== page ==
Ken Starr says Pelosi engaging in ‘abuse of power’

Congressional Democrats have pushed too hard on President Trump’s impeachment hearings and may force Republican senators to dismiss the case altogether, said former special prosecutor Ken Starr on Thursday.

Starr appeared on “The Brian Kilmeade Show” on Fox News Radio to discuss the impeachment inquiry and said he was shocked by House Speaker Nancy Pelosi’s, D-Calif., “abuse of power.”

“It’s an outrage to seize control of the deliberate process of a committee — [it] simply compounds a series of very, very terrible abuses,” he said. “The House Judiciary committee with its incredibly rich history needs to go into… an open session and debate this.”

“Where did she get this power?” Starr asked. “I am honestly surprised. Then again, why shouldn’t I be surprised? Because back early in the fall, she unilaterally with no debate in the people’s House says, ‘we now have an impeachment inquiry.’ Now she’s dictating the committee to actually draft articles of impeachment? It is an abuse of power.”

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Pelosi announced on Thursday that House Democrats would proceed with articles of impeachment against the president because his conduct, “leaves us no choice but to act.”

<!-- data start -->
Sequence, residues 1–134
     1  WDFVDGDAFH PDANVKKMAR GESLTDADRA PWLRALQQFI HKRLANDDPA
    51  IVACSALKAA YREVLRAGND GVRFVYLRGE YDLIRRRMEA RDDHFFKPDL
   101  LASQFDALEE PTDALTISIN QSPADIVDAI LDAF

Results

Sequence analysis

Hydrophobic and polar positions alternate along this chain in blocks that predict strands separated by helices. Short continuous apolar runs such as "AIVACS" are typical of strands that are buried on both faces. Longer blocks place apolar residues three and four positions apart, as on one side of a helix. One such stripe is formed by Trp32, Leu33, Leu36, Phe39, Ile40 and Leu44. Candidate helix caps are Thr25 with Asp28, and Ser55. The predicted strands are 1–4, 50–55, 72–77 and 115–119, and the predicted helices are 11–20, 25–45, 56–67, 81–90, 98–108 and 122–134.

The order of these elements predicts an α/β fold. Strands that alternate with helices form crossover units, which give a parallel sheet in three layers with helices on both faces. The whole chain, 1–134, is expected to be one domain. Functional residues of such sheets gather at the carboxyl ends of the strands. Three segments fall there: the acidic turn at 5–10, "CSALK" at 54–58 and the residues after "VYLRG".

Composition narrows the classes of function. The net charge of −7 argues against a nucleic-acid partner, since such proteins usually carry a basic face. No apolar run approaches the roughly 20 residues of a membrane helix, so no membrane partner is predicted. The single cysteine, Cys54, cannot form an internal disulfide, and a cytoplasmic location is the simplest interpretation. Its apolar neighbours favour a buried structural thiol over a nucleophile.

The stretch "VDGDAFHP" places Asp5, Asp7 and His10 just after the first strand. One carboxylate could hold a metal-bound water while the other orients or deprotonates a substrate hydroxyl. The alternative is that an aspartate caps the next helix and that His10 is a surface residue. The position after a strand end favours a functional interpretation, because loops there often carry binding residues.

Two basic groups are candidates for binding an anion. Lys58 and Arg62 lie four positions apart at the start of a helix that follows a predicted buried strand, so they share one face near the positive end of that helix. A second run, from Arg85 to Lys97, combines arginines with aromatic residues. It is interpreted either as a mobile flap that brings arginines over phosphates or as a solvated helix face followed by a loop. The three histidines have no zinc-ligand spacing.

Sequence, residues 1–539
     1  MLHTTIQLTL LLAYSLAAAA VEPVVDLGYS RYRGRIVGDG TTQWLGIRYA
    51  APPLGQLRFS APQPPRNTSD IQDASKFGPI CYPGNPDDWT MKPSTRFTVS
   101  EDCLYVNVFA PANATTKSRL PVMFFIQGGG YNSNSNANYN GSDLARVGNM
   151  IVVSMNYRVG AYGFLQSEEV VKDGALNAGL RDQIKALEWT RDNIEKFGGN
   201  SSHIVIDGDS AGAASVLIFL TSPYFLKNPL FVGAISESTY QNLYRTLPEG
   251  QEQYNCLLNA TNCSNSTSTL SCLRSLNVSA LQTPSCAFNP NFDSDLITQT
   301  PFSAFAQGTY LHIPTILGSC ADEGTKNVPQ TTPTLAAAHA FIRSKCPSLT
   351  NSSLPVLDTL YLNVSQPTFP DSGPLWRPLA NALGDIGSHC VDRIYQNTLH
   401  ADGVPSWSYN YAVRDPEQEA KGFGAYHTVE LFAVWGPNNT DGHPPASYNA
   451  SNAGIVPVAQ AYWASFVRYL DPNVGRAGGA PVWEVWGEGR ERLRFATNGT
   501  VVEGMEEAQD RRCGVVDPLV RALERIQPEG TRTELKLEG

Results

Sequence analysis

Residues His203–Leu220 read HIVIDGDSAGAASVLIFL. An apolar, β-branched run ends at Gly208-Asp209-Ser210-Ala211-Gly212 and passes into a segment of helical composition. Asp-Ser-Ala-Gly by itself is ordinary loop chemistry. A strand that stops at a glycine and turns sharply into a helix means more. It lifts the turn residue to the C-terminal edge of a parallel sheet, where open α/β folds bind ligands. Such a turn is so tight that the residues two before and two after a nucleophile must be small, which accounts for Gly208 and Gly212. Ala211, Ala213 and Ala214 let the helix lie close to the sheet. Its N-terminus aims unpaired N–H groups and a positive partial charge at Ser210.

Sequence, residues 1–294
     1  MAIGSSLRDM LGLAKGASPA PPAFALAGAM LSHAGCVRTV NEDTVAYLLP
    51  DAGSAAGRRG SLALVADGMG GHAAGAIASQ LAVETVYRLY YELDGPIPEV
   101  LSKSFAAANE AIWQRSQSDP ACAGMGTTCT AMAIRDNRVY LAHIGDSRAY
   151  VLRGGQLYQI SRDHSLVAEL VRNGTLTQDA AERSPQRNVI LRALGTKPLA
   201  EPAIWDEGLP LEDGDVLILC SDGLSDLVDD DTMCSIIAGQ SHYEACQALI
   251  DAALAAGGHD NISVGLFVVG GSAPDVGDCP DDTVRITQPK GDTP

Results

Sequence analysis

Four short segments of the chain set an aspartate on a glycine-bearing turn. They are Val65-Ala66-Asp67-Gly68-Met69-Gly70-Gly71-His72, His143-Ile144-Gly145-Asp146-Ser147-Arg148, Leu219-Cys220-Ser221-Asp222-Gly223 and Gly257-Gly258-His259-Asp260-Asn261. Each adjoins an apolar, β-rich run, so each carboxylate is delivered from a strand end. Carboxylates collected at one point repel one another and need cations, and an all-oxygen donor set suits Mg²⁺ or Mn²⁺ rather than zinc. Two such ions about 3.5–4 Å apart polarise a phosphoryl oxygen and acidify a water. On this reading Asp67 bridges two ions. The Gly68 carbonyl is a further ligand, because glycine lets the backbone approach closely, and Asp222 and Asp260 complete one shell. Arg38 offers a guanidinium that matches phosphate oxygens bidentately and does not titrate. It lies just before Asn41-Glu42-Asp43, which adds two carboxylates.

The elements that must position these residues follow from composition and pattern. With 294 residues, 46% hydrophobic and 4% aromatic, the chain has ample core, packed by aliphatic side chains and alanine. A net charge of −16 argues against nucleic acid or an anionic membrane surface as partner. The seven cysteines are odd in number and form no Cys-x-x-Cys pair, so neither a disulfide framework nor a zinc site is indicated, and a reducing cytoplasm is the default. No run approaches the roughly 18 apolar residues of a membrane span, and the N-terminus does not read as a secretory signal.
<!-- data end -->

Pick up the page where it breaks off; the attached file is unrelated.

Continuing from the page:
“Today, I am asking our chairman to proceed with articles of impeachment,” Pelosi stated during her brief address, referring to House Judiciary Committee Chairman Jerry Nadler, D-N.Y. “The president’s actions have seriously violated the Constitution.”

Starr said this impeachment effort is unique because it lacks bipartisan support, and predicted the Senate GOP may dismiss the case entirely rather than move to a trial.

He noted that 31 Democrats supported the Bill Clinton impeachment inquiry and in the case of Richard Nixon, he was facing a united House of Representatives before he resigned.

“Just the opposite of what we’re experiencing now. A strict party-line vote,” said Starr, adding that Pelosi is acting to achieve her desired political outcome.

“I think this may lead to a [Senate] motion to dismiss, which I don’t favor. If the House of Representatives says we’re going to impeach, then the Senate should hold a trial. But I think this may be the straw that breaks the camel’s back. And that Republicans in the Senate just rise up in righteous indignation and say, ‘this is absolutely unacceptable.'”

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